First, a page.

In a late-1962 issue of a popular women's magazine Redbook, there was a contest with a monetary prize for the best short story written by a young woman telling why she thought her marriage was a success. After writing my thoughts, I felt my attempt was not good enough to submit, but I kept it for my children . . . .

Windham, New York
January 2, 1963

The Mabens

I don't know how many years of happy marriage constitute a successful marriage, or how old you may be and still be considered young. My marriage was doomed from the beginning, according to the friends and relatives who knew the circumstances surrounding it. As I look back over the years, although it was a struggle and there were many obstacles to overcome, there were so many happy times to balance the scale that I don't believe I would change a thing.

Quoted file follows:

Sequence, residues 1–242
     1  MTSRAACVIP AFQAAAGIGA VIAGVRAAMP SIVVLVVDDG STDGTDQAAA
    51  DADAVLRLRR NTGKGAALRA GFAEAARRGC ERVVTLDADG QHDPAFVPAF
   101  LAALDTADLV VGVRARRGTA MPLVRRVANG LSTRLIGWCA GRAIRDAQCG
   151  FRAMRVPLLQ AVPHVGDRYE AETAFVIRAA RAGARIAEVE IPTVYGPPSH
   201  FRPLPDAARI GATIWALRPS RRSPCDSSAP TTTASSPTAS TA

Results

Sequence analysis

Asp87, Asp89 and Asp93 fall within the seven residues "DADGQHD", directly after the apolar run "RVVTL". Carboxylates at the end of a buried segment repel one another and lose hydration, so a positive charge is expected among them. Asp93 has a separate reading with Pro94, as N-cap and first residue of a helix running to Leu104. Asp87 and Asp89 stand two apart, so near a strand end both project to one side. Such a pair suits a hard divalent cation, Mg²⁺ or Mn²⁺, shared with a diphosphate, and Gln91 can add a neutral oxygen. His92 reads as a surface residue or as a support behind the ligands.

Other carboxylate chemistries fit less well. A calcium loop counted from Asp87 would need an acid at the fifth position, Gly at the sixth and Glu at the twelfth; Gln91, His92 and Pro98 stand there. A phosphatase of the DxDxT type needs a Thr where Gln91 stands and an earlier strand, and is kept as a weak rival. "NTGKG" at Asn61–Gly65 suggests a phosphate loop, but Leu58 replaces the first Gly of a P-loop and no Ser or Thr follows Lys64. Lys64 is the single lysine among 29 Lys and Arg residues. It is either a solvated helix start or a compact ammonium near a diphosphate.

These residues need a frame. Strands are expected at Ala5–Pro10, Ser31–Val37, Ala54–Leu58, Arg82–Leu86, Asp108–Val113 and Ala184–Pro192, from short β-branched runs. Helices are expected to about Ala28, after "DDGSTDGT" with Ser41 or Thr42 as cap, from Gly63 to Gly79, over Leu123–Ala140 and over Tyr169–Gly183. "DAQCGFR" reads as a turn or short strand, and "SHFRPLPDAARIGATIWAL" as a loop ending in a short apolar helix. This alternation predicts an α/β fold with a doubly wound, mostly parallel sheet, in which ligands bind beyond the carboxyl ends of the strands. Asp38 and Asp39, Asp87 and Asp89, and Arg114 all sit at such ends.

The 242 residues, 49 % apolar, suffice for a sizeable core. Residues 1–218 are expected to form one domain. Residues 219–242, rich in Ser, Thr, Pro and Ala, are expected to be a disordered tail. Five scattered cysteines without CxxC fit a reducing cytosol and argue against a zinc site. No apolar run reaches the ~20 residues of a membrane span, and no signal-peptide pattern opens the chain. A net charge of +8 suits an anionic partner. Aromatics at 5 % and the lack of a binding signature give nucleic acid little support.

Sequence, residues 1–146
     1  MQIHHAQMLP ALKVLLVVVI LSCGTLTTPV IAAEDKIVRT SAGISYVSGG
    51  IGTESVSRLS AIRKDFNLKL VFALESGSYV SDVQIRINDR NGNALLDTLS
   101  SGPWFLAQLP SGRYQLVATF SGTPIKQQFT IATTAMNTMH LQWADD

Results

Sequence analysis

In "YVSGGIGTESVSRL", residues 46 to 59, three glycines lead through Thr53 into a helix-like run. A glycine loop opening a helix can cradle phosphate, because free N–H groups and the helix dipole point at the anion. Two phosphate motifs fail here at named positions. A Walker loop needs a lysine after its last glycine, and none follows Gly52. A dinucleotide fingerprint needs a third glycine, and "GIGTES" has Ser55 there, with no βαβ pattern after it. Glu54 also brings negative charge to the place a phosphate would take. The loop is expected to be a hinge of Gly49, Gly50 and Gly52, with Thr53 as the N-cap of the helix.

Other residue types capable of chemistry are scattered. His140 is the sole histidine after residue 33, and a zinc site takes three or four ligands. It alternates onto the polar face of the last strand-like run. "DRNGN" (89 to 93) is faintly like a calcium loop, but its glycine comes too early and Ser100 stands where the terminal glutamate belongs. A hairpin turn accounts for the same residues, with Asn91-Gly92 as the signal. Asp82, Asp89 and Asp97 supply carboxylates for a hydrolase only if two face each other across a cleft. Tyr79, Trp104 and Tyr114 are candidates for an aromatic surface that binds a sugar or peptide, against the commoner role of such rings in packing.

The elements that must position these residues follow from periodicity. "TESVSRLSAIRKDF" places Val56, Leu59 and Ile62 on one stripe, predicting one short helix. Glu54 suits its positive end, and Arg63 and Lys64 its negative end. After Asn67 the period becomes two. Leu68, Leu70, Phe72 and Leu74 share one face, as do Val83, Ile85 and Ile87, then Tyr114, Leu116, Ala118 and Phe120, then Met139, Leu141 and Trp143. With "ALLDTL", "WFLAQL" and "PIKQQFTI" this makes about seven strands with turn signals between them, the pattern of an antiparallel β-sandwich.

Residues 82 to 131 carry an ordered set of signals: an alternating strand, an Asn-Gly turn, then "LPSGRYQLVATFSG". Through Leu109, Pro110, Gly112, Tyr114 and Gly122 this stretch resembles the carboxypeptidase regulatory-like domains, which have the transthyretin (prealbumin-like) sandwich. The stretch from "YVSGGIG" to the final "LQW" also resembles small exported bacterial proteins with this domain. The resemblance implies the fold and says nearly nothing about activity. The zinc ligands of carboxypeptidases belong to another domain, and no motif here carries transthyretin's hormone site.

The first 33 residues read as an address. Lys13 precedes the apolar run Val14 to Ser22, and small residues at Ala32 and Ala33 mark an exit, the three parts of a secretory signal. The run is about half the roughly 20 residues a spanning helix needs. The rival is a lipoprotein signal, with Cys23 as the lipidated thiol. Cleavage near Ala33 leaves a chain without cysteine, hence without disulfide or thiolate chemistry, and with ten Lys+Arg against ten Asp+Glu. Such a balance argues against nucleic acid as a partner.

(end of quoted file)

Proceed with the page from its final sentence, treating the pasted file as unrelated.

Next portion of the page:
Perhaps I should start at the beginning. I met my husband Win after graduating from high school in Pennsylvania. He had been a student of my aunt who taught in a little one-room school in the Catskill Mountains of New York State. Because I was completely exhausted from both studies and social life after graduation, my aunt invited me to spend a few weeks with her on her mountain farm so I could rest and prepare to return to school for a post-graduate course in the fall. I had been registered to attend Cornell University but was notified that I would need one more year of French in order to be admitted. It was finally decided that I would take the course while remaining with my aunt in the Catskills. It was a beautiful summer that year, and before I realized what was happening, I had fallen in love with Win, and he with me. I was very reluctant to return to school after being proposed to at least a dozen times that summer. I tried to keep my head, and kept telling myself that I wanted an education before settling down to married life, and that this was probably one of the much-warned-of "summer romances". And so I returned to school in the fall as planned. To make a long story short, at the end of October love triumphed, and on the afternoon of Halloween we eloped.